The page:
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Colin Riordan

Plastic surgery fellow gets national attention

BY: MEGHAN ASHFORD-GROOMS

7/13/2001 - In the short time that plastic surgery research fellow Colin Riordan spent in Nashville, he was able to accomplish a lot, winning three national awards.

Last July, Riordan left his native Ireland to work in the lab of Lillian Nanney, Ph.D., professor of Plastic Surgery and Cell Biology. And work he did. During the year that Riordan spent at Vanderbilt, he completed four different research projects.

“There is so much scope for research in plastic surgery,” Riordan said. “Having a plastic surgery fellowship is a tremendous benefit to the fellow and the university.”

But Riordan’s success didn’t stop there. Three of his projects received national recognition as Riordan won three awards in the past four months.

“It is quite extraordinary to work on four unrelated topics and develop them to such an extent that three out of the four receive national acclaim,” Nanney said. “All of our previous research fellows have had a single-minded focus during their time in the lab.”

According to Riordan, the most prestigious award he received was the Ortho-McNeil Young Investigators Award, which was presented to him and three others in May at the annual national meeting of the Wound Healing Society in Albuquerque, New Mexico.

Winners were selected in advance based on scores assigned by a committee that reviewed applicants’ abstracts.

Riordan’s entry described a woundhealing project on which he spent the bulk of his time in the lab. In this project, Riordan studied the matrix metalloproteinase levels in chronic and denervated wounds that plague paraplegic patients.

Matrix metalloproteins are enzymes that have been implicated in the pathogenesis of non-healing wounds. Riordan studied alterations in the levels of these enzymes after surgical debridement of these wounds.

“If we can get a better understanding of what can remove these enzymes, there may be therapeutic benefits, such as helping these wounds to heal,” Riordan explained.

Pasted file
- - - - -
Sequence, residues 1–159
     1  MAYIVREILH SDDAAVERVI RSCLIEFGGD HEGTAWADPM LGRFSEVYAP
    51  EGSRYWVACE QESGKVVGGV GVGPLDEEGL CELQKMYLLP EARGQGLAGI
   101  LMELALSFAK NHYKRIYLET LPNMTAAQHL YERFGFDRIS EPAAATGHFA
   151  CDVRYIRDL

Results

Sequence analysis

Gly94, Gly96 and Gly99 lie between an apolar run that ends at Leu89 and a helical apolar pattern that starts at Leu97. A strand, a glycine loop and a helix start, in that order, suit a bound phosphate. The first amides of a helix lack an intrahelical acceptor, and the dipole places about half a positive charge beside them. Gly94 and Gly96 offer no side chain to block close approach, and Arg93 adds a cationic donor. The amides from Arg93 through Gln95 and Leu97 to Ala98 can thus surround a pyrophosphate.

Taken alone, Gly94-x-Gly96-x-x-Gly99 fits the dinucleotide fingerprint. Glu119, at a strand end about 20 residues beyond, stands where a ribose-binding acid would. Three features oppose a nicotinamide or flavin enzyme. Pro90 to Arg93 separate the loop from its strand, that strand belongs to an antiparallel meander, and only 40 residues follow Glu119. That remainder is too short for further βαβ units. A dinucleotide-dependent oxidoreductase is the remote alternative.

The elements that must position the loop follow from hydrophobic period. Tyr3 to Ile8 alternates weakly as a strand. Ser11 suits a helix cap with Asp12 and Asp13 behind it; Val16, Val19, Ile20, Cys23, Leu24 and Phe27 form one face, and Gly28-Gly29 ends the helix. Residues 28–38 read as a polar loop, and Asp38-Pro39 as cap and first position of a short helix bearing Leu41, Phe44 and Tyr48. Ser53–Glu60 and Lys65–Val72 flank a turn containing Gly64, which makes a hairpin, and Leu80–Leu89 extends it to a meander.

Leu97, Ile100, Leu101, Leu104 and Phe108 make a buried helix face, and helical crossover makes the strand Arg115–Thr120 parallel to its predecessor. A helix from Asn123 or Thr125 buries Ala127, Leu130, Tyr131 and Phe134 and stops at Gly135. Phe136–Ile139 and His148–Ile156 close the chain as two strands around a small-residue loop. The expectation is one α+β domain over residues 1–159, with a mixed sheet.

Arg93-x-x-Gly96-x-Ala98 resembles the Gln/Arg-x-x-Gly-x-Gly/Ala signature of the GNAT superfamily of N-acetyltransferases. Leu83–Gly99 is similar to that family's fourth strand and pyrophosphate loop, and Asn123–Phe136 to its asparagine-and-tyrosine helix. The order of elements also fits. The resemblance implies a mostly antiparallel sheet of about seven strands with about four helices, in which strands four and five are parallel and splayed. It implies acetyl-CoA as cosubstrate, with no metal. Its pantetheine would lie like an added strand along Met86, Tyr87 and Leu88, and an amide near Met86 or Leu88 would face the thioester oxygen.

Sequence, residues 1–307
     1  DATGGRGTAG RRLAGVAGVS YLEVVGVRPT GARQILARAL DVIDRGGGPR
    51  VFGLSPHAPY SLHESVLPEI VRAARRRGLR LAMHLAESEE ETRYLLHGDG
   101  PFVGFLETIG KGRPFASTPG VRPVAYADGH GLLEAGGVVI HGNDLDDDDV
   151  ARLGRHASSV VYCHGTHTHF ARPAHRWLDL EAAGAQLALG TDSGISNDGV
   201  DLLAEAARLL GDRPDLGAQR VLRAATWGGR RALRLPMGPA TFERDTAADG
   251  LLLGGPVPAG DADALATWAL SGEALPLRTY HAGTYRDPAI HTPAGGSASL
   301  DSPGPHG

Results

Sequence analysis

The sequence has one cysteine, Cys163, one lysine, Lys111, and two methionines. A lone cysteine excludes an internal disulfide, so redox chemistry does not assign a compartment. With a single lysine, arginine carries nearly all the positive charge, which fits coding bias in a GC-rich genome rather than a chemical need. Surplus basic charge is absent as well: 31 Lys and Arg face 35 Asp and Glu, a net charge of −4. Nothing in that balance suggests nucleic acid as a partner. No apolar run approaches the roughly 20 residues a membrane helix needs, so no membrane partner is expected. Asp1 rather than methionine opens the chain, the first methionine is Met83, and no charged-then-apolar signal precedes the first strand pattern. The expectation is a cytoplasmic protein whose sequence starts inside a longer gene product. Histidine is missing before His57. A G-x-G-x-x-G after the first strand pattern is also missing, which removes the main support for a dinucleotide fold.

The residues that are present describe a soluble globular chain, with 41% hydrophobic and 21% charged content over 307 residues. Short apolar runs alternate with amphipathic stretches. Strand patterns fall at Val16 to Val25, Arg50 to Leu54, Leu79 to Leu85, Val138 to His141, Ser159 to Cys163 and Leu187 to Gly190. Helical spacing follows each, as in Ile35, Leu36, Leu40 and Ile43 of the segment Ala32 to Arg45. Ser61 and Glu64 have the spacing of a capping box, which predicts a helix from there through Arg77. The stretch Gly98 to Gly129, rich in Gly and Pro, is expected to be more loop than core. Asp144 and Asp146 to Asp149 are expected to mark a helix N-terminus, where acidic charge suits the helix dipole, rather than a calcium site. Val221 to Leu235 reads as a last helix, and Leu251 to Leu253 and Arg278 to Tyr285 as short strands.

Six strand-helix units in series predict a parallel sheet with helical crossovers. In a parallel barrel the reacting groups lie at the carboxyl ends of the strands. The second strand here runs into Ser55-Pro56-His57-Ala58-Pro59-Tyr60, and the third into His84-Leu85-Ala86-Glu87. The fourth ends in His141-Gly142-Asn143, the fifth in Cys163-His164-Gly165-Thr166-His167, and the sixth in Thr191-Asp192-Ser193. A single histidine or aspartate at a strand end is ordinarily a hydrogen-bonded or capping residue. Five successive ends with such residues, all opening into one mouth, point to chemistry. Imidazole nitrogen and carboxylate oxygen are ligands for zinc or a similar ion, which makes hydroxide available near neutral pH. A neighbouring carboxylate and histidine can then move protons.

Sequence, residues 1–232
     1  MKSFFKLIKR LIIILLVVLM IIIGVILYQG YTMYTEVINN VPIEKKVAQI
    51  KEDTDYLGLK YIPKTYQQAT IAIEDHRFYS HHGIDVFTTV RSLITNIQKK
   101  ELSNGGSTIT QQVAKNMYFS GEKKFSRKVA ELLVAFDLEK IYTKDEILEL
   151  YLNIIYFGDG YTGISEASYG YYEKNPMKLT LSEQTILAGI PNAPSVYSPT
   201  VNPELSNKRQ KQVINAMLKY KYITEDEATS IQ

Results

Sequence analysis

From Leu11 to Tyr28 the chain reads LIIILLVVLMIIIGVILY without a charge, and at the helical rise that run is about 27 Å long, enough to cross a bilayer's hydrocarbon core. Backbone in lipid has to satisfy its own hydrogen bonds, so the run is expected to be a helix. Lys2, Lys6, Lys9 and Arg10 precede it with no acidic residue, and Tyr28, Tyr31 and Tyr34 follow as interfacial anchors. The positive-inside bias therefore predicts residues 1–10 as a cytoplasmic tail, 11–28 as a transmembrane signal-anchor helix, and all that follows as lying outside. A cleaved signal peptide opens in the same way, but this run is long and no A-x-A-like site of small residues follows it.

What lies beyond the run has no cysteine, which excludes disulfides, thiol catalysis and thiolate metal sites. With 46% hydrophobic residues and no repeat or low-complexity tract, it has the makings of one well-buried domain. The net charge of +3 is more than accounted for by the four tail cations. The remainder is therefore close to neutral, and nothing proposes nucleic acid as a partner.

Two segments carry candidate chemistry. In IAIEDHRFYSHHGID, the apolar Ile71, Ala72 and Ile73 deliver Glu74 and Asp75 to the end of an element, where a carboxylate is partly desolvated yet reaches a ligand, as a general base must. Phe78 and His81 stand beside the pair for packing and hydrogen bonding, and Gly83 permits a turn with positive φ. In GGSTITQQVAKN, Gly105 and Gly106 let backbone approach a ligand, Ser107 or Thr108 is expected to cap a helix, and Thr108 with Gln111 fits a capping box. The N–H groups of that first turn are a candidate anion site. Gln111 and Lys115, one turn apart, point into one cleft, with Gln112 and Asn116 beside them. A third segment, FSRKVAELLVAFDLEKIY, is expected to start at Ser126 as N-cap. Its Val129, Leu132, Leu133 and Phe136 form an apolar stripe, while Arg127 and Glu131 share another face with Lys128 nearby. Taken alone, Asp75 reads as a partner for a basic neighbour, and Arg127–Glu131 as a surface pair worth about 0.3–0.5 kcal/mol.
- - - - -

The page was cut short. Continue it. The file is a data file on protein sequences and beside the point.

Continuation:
In May, Riordan also traveled to New York where he became the recipient of the American Society for Aesthetic Plastic Surgery’s Gasper W. Anastasia Award for Best Resident Paper. His presentation, sponsored by Dr. R. Bruce Shack, professor and chair of Plastic Surgery, described an approach that decreased unwanted, thick capsules that frequently form around breast implants. In addition to receiving a cash prize, he was also asked to repeat his presentation at the society’s plenary session attended by several thousand surgeons.

Riordan’s third honor came during a trip to Orlando when he received the Southeastern Society of Plastic and Reconstructive Surgeons’ Glancy Award, becoming the third VUMC Plastic Surgery resident in three years to win it. The Glancy Award is “presented to the resident and residency program deemed to have presented the finest paper in the residency competition at the annual meeting.”

In his presentation in Orlando, Riordan described his third research endeavor. For this project, Riordan and mentors Dr. Sean Wolfort, assistant professor of Plastic Surgery, and Nanney dissected 55 cadavers’ legs in the anatomy lab to look at the blood supply to the sural nerve to see if it would be suitable as a vascularized nerve graft. Riordan said that he hoped to determine whether these nerves could be used as donors because there are often problems finding donor nerves.

Riordan’s fourth and final project involved a study of acute wounds and their blood flow on burn victims.

Riordan returned to Ireland at the end of June to complete his plastic surgery residency at the Royal College of Surgeons in Dublin. In the future, he said he hopes either to return to the United States or to go to Australia for a clinical fellowship after he has finished his training.

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